COVID-19 Special Coverage
Decongesting Prisons and the Violation of Human Rights
Fifaliana-joy / Pixabay
Decongesting Prisons and the Violation of Human Rights

Introduction

When the world started its global fight against the novel Coronavirus, Covid-19, immediate measures were the need of the hour. The spread of the virus was rampant. The first case of Covid-19 was reported in Wuhan, China during the month of December, 2019. Initially, China declared it to be a case of unusual pneumonia and reported the same to the World Health Organization (WHO). However, it slowly grew into an unprecedented pandemic causing havoc and taking thousands of lives. A public health emergency was declared throughout the world by the WHO and almost all countries issued various measures to tackle covid-19 in their own boundaries.

The last two months witnessed various measures taken by nations across the globe to curb the spread of this virus. The majority of them declared nationwide lockdown to hinder the spread of Covid-19 and in the meantime began to procure and deliver essentials to everyone. Curfews were enforced in many places and the United Nations (UN) through its Secretary General called for a global ceasefire. At the same time, one of the most remarkable declarations in the history of human rights and prison rights was announced. Various countries across the globe announced that they will release prisoners in order to decongest their prisons. It was suggested by experts that there is more possibility of virus spreading in places like prison as the prisoners are kept in close quarters and are in direct contact with all the working staff too. This is in complete defiance of the ‘social distancing’ which is expected to be followed to flatten the curve of patients with Covid-19.

The Conundrum of Who Should be Released?

UN High Commissioner for Human Rights, Michelle Bachelet explained that prisons consist of a vulnerable population who should be protected at all costs. She added that, people convicted of low-risk offences, elderly people and people with medical ailments are more vulnerable to be infected by the virus and hence their release should be treated as a priority. In Burkina Faso, President Roch Marc Christian Kabore pardoned more than 1200 prisoners to decongest prisons. According to a statement released, the freed prisoners were selected on the basis of their age, health condition and the period of sentence that they have already completed. In India, after the Supreme Court advised states to decongest the prison to hinder the rampant spread of Covid-19, high powered committees were set up to decide how this process will be implemented and they issued proper guidelines which provided detailed information about the category of prisoners that should be prioritized to be pardoned. The majority of these countries put a proper framework in place to decongest their prisons accordingly. They have prepared their framework prioritizing the release of vulnerable populations and have adhered to the prisoners’ rights.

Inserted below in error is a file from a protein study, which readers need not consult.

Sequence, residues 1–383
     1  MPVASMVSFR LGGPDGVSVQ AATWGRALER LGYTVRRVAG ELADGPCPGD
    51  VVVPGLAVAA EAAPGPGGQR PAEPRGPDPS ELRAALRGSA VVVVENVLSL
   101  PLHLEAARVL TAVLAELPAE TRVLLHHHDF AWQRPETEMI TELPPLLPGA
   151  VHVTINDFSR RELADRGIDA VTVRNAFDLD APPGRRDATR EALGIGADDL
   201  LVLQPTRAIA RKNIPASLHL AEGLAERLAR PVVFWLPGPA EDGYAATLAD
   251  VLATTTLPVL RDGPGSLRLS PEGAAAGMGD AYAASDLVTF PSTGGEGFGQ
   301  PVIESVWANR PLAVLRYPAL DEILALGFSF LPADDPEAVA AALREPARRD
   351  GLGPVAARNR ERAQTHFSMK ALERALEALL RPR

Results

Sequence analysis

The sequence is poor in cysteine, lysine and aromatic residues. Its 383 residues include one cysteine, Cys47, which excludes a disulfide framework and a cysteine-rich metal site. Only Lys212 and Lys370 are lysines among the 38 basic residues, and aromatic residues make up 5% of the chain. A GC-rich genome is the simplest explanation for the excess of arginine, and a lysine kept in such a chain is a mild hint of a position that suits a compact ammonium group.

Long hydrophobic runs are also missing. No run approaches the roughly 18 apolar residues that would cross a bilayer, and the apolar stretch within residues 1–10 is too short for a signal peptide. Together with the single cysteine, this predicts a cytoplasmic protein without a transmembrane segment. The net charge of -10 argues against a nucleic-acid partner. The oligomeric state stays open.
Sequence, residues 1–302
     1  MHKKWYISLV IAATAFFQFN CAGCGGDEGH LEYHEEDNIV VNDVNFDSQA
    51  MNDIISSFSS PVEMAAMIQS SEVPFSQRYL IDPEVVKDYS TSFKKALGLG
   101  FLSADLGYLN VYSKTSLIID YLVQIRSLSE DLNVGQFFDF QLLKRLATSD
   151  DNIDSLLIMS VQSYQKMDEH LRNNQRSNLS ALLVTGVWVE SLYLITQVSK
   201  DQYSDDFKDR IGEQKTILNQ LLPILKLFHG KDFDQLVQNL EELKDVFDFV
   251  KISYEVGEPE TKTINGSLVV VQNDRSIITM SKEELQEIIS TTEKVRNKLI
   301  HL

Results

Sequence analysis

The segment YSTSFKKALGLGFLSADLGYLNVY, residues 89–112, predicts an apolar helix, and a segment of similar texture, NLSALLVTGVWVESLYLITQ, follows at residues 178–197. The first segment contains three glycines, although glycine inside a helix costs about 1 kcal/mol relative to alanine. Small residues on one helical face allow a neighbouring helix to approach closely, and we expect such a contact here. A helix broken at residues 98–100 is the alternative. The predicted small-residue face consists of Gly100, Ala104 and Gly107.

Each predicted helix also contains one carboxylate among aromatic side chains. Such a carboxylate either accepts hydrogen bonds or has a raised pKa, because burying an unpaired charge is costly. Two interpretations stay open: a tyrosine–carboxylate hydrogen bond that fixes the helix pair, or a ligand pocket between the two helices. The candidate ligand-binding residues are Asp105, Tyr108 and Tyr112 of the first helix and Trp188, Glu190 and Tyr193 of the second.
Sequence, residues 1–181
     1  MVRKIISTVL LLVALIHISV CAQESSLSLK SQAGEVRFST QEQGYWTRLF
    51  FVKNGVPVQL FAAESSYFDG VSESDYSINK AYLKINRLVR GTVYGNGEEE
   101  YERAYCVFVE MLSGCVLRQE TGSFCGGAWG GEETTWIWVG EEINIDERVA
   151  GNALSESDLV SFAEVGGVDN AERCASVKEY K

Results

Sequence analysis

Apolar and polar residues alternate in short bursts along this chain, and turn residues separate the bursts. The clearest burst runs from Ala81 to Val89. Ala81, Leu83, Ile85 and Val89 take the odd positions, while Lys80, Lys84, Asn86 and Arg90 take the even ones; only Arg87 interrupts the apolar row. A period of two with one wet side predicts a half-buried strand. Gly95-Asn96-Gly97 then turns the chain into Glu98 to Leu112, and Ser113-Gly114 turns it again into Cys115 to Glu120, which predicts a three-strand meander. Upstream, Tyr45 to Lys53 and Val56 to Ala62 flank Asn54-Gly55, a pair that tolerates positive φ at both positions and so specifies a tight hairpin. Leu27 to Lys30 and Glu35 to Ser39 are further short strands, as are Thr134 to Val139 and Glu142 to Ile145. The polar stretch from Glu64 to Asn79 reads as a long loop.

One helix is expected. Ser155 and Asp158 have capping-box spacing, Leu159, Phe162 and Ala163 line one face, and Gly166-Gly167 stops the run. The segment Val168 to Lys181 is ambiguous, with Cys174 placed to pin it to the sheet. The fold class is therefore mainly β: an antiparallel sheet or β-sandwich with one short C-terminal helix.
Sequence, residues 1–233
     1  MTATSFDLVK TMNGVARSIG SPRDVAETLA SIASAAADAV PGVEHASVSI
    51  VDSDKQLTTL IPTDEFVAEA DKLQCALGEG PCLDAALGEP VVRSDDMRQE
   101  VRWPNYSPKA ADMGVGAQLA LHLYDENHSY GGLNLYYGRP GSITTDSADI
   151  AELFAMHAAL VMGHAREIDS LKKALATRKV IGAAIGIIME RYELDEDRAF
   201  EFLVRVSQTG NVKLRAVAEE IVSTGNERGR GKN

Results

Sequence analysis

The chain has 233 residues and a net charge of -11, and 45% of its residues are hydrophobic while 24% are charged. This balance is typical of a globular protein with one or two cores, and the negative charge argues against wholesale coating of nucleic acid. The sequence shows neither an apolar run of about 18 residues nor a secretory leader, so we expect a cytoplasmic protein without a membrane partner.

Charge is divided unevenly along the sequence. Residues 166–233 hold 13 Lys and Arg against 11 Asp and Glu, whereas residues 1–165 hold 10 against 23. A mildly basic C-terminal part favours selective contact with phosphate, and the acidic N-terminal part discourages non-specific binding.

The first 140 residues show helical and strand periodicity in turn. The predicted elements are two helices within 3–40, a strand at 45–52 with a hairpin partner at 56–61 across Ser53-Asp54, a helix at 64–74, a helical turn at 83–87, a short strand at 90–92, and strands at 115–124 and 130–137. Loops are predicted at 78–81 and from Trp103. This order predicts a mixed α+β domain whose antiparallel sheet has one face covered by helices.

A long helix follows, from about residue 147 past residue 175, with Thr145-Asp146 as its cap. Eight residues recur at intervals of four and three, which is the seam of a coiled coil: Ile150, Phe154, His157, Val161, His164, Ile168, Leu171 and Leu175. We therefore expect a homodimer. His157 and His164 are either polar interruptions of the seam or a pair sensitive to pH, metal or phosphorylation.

The Problem of Arbitrary Drafts and Frameworks

The UN Secretary General, Antonio Guterres, highlighted that the virus and diseases in general don’t discriminate on any grounds, as such, the provision of immediate services and benefits should not discriminate. He exclaimed that, “The best response is one that responds proportionately to immediate threats while protecting human rights and the rule of law.”

However, this pattern has not been followed everywhere. According to various news reports and journals, many countries are using this as an opportunity to ‘settle their scores’ with political prisoners and those who are detained for speaking or protesting against the state. UN High Commissioner for Human Rights, Michele Bachelet’s spokesperson mentioned that prisoners who are detained without sufficient legal basis, including political prisoners and those detained for critical and dissenting views should be included in the category of prisoners to be released. He further mentioned that many countries are however not following this. He claimed that Iran has released more than 100,000 inmates but no political prisoners. A political prisoner is loosely defined as a person who is detained owing to his or her political views, specifically against the government of their countries. According to Human Rights Watch, a few prisoners reportedly tested positive for the Coronavirus however they were not considered among those who were released, solely for the reason that they were detained for anti-government actions. News reports claim that they include political prisoners, but the government is not considering their release owing to its authoritarian approach.